MANCHESTER, New Hampshire — Joe Biden returns to the first-in-the-nation primary state this weekend facing the reality it could spell the end of his 2020 campaign if he doesn’t win or finish close to the top of the Democratic pack.
The former vice president’s campaign tour in New Hampshire Friday and Saturday comes amid declining poll numbers. Particularly in Iowa, the first nominating contest, on Feb. 3, and a state where Biden, 76, has campaigned for decades over his three presidential bids.
A RealClearPolitics average of recent surveys found Biden falling to fourth place in Iowa, while the 36-year Delaware senator in New Hampshire is now second to Massachusetts Sen. Elizabeth Warren, by four points.
New Hampshire polls bring more bad news for Biden. He leads Vermont Sen. Bernie Sanders by just one point in the average of surveys, effectively within the margin of error. And one recent poll found Biden losing by six points to Sanders, who like Warren is running to the former vice president’s left. Polls taken this spring and summer found Biden leading the pack by double-digits in New Hampshire.
Biden’s New Hampshire visit this weekend comes after heavy campaigning in Iowa.
“I think Biden is foolish not to put a heavy emphasis on on New Hampshire. He hasn’t spent much time here, and it’s ripe for Joe Biden,” said New Hampshire-based Republican political strategist Mike Dennehy. “You have two progressives splitting the left right now and the entire center of the party with nowhere to go. He could come in and scoop that up. Even if he doesn’t win, he could come so close he could call it a victory.”
Dennehy contends the Biden campaign should go all-in on New Hampshire.
“I think Joe Biden should leave Iowa,” he said. “This is a caucus. This is a party-activist vote. It’s not a true vote. It’s only activists. ”
In multiple interviews with the press and donors, Biden’s campaign has all but conceded that they expect losses in the early primary and states. It’s banking on a large-margin victory in the Feb. 29 South Carolina primary before Super Tuesday, March 3, when California and more than a dozen other states and territories vote. A potential double-digit win in South Carolina, Biden’s campaign says, will emphasize their message that Biden is the most electable candidate in a fall 2020 race against President Trump.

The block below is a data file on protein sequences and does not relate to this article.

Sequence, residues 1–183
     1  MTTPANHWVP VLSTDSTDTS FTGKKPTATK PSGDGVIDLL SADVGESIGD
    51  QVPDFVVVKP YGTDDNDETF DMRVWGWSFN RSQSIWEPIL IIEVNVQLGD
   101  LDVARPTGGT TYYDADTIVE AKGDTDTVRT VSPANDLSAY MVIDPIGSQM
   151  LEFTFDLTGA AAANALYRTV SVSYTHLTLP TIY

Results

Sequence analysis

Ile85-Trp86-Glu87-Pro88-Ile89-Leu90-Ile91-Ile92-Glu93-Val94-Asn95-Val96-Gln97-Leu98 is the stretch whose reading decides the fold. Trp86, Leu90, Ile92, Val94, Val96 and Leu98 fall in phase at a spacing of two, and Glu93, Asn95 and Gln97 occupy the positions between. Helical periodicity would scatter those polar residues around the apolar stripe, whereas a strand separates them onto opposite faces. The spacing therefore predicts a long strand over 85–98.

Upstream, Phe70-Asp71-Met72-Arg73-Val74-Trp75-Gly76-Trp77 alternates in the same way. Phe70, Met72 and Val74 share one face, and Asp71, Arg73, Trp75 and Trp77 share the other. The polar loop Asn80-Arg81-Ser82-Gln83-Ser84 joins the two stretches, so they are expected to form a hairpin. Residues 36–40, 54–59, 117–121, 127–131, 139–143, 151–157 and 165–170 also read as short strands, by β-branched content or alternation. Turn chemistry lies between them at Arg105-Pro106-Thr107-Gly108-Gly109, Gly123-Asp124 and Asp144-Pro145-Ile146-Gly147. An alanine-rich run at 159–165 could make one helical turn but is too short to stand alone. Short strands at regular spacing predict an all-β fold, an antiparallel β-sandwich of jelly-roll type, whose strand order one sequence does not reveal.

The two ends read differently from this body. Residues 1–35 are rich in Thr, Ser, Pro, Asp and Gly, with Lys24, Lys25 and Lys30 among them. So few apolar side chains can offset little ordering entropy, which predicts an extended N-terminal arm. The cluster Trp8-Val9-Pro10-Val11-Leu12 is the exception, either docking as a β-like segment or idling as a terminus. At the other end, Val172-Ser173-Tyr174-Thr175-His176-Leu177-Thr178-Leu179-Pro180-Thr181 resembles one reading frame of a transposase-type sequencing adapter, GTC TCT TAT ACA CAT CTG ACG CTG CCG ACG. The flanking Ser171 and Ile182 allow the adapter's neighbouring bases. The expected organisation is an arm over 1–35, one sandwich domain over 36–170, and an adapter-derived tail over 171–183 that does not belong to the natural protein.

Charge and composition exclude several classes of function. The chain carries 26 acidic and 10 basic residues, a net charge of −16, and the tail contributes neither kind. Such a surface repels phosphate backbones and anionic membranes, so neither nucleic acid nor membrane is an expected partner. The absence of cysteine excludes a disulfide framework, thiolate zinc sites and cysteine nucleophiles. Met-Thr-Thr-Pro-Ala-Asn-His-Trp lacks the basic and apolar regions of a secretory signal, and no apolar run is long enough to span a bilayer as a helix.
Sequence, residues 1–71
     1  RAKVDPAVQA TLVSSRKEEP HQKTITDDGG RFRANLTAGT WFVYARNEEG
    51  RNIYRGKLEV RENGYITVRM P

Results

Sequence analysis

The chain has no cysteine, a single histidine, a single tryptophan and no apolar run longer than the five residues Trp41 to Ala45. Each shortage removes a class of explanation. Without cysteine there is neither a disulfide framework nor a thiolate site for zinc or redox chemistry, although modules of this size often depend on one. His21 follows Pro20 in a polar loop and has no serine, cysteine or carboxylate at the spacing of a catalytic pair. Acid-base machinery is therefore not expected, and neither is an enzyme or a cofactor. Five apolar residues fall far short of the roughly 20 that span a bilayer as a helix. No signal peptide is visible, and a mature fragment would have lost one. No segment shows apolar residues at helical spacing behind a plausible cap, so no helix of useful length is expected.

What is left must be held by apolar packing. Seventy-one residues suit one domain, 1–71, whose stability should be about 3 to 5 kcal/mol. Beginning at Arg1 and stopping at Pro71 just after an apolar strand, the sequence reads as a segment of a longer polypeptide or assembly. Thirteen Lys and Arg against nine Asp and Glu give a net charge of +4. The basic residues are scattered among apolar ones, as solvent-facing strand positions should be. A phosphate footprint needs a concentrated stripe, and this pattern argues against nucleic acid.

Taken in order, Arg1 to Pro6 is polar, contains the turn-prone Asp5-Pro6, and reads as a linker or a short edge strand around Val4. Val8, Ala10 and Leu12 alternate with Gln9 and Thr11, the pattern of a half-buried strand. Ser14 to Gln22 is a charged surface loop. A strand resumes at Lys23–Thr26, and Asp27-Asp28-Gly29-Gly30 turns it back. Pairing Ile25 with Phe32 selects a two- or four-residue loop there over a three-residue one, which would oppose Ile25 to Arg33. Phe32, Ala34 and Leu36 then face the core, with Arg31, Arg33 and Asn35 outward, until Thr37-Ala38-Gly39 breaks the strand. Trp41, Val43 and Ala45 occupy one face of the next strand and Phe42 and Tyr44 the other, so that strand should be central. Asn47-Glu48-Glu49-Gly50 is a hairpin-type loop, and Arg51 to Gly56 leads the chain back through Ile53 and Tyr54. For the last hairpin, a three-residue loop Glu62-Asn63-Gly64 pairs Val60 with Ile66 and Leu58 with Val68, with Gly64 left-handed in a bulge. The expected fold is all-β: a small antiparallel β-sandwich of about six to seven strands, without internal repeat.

But Biden may not have the luxury of skipping Iowa since his campaign rests largely on the notion of electability. Not winning there, or finishing less than second or potentially a very close third, could crater his support in New Hampshire, leaving him as a second-tier candidate, or worse, after the first two contests.
Biden’s message of electability has been sidelined by his precipitous drop in polls in early primary states. No Democrat since Bill Clinton in 1992 has won the party’s nomination without winning Iowa. And already, many Democrats are concerned about the campaign’s insistence that all will be fine come South Carolina.
“The reality is he doesn’t have enough money to do a lot,” said Democratic strategist Jeff Hewitt, citing the $9 million raised by the Biden campaign in the most recent fundraising quarter, while Warren and Sanders each raised more than double that. “Imagine running a statewide race with that. Therein lies the problem. He needs to get his ass in the ground in New Hampshire, or his entire strategy will fall apart.”
Biden’s potential losses in Iowa and New Hampshire would be the third straight disaster in his decadeslong quest for the presidency. In 2008, Biden placed last in the Iowa caucuses and quickly ended his campaign. In the 1988 cycle, he was forced to drop out before voting began due to a plagiarism scandal that derailed his candidacy.
“They have to understand that when you lose two states in a row, your vote collapses,” Dennehy said. “It’s just not realistic.”
New Hampshire Democratic powerbrokers like state Rep. Catherine Sofikitis, a Sanders supporter, say many in the party locally view Biden as a tragic figure. No one, Sofikitis said, denies Biden is a good man, but it’s painful for many to see an elder statesman continue to fall behind in polls after serving the country for many decades.
“He was number one on my list of someone I’d like to have dinner with, but his roll-out hasn’t been that good. He looks old on TV, he seems rigid,” said Sofikitis. “I’m 63, I understand. I feel for him, but his age is showing. It’s not a graceful thing. I think Democrats think he missed the wave. He’s like a surfer waiting for the big wave, and he missed it.”
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